Welcome to our new web site!

To give our readers a chance to experience all that our new website has to offer, we have made all content freely avaiable, through October 1, 2018.

During this time, print and digital subscribers will not need to log in to view our stories or e-editions.

Turn it Down Q&A: Rob Stone talks WITL, MSU and going country

Country radio DJ headlines The Loft’s Cap-City Concert & Coat Drive

Posted

Saturday, Dec. 14, @ The Loft, 414 E. Michigan Ave., Lansing. All ages, $15, $10 adv., 7 p.m.

After years of playing other artists’ country music over Michigan’s airwaves, radio personality Rob Stone chased another dream: getting onstage and performing his own music.  While he cut his teeth locally at 100.7 WITL, Stone now lives in St. Clair Shores and hosts the “Rob and Holly” show on 99.5 WYCD Detroit’s Country. From 2004 to 2008, Stone also attended Michigan State University and earned a broadcasting journalism degree. Saturday, he returns to his old stomping grounds to perform at The Loft. Opening is Whiskey & Wine and Corey Dakota. 

 Looking back, how did you wind up at WITL-FM, Lansing’s country station? 

Rob Stone: During my senior year at MSU, I landed my first full-time radio position on-air at 100.7 WITL. Prior to that, I had several internships and part time positions at the same company, but feel very fortunate to have landed a full-time position before I even graduated. The current afternoon host and personality there, Chris Tyler, was an amazing mentor to me and really helped get me where I am today. 

 Has your radio experience helped you with your own music career? 

I think being on the radio for 10 years has prepared me to be an entertainer onstage. I’ve hyped up so many crowds for artists, but in the back of my mind I was always thinking, “That should be me performing out there and not just announcing.” 

You're performing at the Cap-City Country series at The Loft—what can people expect?   

I’m a country radio personality by day, but my music is a melting pot of rock, country, soul and even hip-hop. You’ll sing along to everything from Johnny Cash to Eminem.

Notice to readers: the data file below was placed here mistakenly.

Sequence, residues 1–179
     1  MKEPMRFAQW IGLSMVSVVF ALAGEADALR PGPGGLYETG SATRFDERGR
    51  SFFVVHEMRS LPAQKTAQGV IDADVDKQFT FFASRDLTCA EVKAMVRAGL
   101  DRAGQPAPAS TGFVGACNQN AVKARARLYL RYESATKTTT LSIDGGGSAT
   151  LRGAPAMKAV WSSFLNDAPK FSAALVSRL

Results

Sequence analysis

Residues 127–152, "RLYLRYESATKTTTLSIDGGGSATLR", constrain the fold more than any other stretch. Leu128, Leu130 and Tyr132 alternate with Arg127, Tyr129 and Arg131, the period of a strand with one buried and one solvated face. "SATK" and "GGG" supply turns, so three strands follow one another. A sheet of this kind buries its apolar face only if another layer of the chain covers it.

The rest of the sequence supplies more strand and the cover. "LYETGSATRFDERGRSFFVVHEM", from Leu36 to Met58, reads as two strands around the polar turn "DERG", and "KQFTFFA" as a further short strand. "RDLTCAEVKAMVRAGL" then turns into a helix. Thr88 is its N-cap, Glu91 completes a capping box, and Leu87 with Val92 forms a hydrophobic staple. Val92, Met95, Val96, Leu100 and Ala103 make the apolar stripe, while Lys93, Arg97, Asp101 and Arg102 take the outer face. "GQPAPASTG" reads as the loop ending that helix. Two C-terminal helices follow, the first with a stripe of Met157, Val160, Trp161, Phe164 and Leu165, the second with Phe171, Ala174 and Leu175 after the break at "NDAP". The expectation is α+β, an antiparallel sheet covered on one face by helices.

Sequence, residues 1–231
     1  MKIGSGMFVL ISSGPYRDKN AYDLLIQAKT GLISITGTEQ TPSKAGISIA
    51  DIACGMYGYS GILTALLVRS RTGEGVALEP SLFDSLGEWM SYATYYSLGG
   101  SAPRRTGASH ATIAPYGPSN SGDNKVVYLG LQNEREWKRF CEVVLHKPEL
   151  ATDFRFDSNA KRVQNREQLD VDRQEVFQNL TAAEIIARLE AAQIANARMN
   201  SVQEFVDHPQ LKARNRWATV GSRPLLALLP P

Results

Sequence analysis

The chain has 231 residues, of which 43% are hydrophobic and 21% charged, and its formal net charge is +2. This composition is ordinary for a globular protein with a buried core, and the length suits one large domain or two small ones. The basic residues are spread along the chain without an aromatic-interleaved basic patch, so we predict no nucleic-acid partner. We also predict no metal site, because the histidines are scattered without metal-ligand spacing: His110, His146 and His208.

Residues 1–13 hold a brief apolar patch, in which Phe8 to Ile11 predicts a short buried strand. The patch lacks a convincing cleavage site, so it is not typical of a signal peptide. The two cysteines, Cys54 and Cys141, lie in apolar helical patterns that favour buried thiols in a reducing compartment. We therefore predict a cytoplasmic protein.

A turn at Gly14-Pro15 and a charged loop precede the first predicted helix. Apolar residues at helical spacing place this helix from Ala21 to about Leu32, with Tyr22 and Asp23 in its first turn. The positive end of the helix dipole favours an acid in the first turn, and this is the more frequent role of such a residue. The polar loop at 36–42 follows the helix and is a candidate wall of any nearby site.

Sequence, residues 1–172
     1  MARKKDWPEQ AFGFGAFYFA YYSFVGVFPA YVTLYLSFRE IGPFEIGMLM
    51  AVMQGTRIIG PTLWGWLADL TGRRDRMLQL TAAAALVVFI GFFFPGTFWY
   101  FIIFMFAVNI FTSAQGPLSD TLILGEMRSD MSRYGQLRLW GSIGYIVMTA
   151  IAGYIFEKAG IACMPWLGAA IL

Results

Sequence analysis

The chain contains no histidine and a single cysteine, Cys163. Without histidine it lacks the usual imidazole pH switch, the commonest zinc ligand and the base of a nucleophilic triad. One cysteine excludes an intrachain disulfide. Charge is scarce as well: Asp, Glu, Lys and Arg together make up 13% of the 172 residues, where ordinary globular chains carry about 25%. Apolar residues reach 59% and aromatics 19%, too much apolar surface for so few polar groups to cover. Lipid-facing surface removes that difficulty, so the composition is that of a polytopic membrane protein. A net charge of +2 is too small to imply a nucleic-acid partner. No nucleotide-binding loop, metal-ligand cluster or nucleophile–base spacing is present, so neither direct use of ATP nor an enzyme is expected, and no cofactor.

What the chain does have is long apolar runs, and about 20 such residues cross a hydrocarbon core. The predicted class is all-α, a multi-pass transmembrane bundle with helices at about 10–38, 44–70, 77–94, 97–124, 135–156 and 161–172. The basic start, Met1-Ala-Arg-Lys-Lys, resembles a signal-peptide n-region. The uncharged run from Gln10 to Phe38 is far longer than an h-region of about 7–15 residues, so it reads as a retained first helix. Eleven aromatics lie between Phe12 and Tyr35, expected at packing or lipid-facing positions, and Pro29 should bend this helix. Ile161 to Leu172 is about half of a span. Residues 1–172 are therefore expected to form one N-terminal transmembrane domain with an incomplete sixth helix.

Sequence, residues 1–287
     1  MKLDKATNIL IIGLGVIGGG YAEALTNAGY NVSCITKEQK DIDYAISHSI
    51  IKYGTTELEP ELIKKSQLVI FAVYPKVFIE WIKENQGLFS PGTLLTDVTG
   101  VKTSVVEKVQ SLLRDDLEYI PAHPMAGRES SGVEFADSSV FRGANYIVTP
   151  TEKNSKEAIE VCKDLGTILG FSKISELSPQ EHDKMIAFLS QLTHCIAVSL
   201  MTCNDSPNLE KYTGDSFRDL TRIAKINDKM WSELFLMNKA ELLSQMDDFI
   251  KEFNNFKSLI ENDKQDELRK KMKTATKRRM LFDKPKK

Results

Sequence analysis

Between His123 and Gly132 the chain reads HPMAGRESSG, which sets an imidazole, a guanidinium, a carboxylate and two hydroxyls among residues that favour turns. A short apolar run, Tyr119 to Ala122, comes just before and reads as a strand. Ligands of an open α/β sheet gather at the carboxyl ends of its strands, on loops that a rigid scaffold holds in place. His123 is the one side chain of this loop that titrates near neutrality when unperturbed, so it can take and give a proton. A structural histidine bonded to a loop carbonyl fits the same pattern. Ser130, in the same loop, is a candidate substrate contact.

Over the past year, you’ve played everywhere from Coyote Joe’s in Shelby Township to the massive Faster Horses Festival—what’s next? 

I was recently just down in Nashville recording my first studio single called “Firework Girl.” We have plans to head back down to Nashville to finish up my EP and book a small radio tour to promote the new music. I couldn’t be more excited to do something I’ve wanted to my whole life. I guess some people are just late bloomers.  

When did you first pick up a guitar and start singing? 

I’ve been playing guitar since I was 14 and used to play parties and what not, but never really thought I could take it much further. I was also very self-conscious about singing for the longest time. It remained a hobby for years until I decided to push myself. I made it my New Year’s resolution to put my music out there at the start of 2019. Not even a year later, things have come a long way. 

You’re juggling radio, your family and being a musician. Are you busier than ever?    

Busy is an understatement! It’s great, though. My wife Katie and I definitely have our hands full with our 7-month-old at home. Katie is a school psychologist, so during the week I’m with our son Emmett in the morning and she has him in the afternoon. Then I head to the radio station. On top of that, I also do on-camera hosting at Ford Field for Detroit Lions home games. I’m the “Jumbotron Guy.”   

 Lastly, is there a secret to writing a legit country song?   

The truth. Whether it’s a happy song, sad song, party song or whatever, they all normally tell the truth. I think country is so popular because so much of the population can directly relate to what they’re hearing. 

For more information, visit iamrobstone.com or facebook.com/robstoneradio

Comments

No comments on this story | Please log in to comment by clicking here
Please log in or register to add your comment

Connect with us